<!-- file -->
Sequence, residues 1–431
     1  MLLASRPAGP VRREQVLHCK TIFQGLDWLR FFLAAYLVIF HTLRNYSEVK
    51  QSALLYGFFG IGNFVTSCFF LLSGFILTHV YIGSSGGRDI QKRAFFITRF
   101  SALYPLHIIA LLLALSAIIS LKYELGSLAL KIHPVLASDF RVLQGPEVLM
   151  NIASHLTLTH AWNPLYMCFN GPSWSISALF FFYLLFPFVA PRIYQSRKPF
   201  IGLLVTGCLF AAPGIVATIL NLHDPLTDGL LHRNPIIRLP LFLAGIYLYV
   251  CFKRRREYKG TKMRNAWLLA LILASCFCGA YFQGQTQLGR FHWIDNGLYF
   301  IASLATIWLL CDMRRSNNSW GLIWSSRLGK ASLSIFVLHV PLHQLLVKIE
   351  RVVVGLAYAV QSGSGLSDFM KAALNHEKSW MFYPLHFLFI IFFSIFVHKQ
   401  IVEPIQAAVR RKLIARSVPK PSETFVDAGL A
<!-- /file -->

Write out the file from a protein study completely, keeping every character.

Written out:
Sequence, residues 1–431
     1  MLLASRPAGP VRREQVLHCK TIFQGLDWLR FFLAAYLVIF HTLRNYSEVK
    51  QSALLYGFFG IGNFVTSCFF LLSGFILTHV YIGSSGGRDI QKRAFFITRF
   101  SALYPLHIIA LLLALSAIIS LKYELGSLAL KIHPVLASDF RVLQGPEVLM
   151  NIASHLTLTH AWNPLYMCFN GPSWSISALF FFYLLFPFVA PRIYQSRKPF
   201  IGLLVTGCLF AAPGIVATIL NLHDPLTDGL LHRNPIIRLP LFLAGIYLYV
   251  CFKRRREYKG TKMRNAWLLA LILASCFCGA YFQGQTQLGR FHWIDNGLYF
   301  IASLATIWLL CDMRRSNNSW GLIWSSRLGK ASLSIFVLHV PLHQLLVKIE
   351  RVVVGLAYAV QSGSGLSDFM KAALNHEKSW MFYPLHFLFI IFFSIFVHKQ
   401  IVEPIQAAVR RKLIARSVPK PSETFVDAGL A